Many enhanced draft position at combine

Jerry Jones, Al Davis and Woody Johnson were just a few of the NFL owners who gathered with league brass at the RCA Dome last week for the 2003 combine. While this year's version has featured a few standout performances, for the most part the gathering of 300-plus prime pro prospects saw more than its share of players deciding against taking off the sweats, deciding to wait for another day to be timed and tested. But many came away with their prospects enhanced for the April draft.

Terrell Suggs, Jimmy Kennedy and Larry Johnson were some of the elite names opting out of the festivities here in Indianapolis, favoring individual workouts to show their talents to scouts.

Despite that, several players substantially enhanced their draft rankings since late February.

Several offensive linemen enhanced their stock with impressive performances. Jordan Gross of Utah stood out and after running as fast as any blocker in attendance, turned in a terrific drill session which garnered the attention of several teams. Gross is stating his case to be a top five pick and the recent rumors of Houston tabbing him with the draft's third selection may not be off base.

Eric Steinbach continued his tear from the Senior Bowl and after a vertical leap of 36 inches, again displayed the skill to be a blind side protector at tackle which endeared him to the hearts of scouts in attendance.

Vince Manuwai redeemed himself after a sub-par showing in Mobile and had a good session. The Hawaii guard was fleet across the surface of the RCA Dome but most importantly weighed in with only 18.6% body fat, which was a concern for teams.

Equally as impressive was Kwame Harris, the most athletic blocker on the field. The recent history of right tackles from college moving to the weak side in the NFL has not been good but Harris seemingly displayed the skills needed to be successful in that transition should he be asked to make it.

Obviously one of the headlines last week was Justin Fargas. Known mostly as a power back during his tenure in college, the USC product scorched the field clocking a pair of 40 times in the 4.3-area. Each time he sped across the turf scouts put down their watches and said, "WOW!" Factor in the pass catching skills Fargas displayed at the Senior Bowl and he jumped into the draft's initial 45 selections.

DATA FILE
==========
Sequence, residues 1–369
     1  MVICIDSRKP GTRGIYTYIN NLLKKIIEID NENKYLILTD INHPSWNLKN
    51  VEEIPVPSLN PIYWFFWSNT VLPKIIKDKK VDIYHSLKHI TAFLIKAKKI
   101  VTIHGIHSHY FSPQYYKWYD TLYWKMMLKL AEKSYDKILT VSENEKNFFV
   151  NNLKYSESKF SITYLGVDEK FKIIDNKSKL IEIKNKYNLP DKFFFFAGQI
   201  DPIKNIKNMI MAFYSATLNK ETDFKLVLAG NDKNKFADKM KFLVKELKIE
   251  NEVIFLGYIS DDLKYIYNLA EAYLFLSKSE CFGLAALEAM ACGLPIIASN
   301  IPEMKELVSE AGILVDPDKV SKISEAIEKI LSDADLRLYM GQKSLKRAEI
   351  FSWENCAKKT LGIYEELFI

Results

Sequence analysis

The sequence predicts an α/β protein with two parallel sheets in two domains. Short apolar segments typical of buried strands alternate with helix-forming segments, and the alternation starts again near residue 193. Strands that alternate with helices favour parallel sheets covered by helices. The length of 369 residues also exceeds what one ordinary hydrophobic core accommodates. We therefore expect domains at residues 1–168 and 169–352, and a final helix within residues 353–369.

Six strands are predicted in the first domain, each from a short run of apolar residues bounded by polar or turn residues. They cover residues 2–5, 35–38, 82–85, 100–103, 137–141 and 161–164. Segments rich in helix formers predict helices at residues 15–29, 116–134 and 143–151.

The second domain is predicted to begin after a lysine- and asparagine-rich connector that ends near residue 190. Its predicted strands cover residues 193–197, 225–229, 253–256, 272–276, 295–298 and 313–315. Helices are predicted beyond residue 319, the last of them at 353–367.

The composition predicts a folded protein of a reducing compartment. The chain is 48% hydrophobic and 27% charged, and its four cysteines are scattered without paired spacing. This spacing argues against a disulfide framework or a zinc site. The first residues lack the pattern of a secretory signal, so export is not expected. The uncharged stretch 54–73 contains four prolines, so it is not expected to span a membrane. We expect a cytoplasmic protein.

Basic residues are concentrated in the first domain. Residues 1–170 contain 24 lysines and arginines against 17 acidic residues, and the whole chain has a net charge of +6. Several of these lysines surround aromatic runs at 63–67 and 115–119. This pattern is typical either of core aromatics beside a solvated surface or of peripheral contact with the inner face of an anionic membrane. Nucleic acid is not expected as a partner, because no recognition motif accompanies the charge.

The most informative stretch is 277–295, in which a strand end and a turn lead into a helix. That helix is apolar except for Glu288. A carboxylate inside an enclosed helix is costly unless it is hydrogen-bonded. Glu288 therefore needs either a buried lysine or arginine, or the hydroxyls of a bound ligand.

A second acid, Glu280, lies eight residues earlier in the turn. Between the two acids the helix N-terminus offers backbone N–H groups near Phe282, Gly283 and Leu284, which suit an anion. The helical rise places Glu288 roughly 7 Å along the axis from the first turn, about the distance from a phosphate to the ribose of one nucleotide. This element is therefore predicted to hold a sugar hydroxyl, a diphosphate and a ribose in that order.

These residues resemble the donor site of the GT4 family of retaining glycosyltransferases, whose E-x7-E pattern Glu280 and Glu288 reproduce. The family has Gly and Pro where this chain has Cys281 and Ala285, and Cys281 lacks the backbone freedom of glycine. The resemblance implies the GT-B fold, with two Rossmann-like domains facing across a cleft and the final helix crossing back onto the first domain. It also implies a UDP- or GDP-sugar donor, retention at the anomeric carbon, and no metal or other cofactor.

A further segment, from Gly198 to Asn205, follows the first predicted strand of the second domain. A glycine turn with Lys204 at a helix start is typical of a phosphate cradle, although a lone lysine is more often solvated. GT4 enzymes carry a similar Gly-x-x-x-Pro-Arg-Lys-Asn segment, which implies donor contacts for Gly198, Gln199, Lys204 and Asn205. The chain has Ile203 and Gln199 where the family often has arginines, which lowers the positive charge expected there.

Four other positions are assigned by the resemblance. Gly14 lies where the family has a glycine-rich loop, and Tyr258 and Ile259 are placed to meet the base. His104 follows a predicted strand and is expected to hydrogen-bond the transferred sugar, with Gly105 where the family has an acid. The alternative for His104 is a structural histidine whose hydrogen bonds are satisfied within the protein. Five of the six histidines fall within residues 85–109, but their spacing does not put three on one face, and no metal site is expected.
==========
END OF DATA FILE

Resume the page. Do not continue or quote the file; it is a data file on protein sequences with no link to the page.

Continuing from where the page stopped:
Defensive linemen also fared well in the spotlight. Junior Johnathan Sullivan of Georgia and Oklahoma State's Kevin Williams both displayed top-notch athletic skills and moved their 300-pound frames easily about the field, giving scouts the impression both would be effective in a two-gap (three-four alignment) scheme as well as holding their own as stand-alone tackles. Williams especially further enhanced his final grade.

Many of the smaller defensive ends were put through a battery of linebacker drills and some results were sterling. Clemson's Bryant McNeal and Cincinnati's Antwan Peek, a pair of players that lined up in a three-point stance in college, looked natural playing off the line off scrimmage and making plays in space. Even with that none compared to Shurron Pierson.

The little known junior prospect from the University of South Florida sped across the field with a pair of 40 times in the low 4.6-area. He then blew away the competition with a broad jump more than 6-inches longer than the nearest linemen. When placed at linebacker Pierson displayed the same quickness and explosion as he had earlier in the day. While the NFL rarely looks to the USF Bulls for pro prospects, Pierson has turned their heads and may now be headed towards the first day of the draft.

On the flip side, several of the invitees did not fare as well and performed poorly over the final days. Texas lineman Derrick Dockery looked slow and sluggish, or more to the point as one scout said, woefully out of shape. Washington State's Rien Long also looked heavy footed even though he did not run. There are still serious questions about where the Outland Trophy winner will be drafted.

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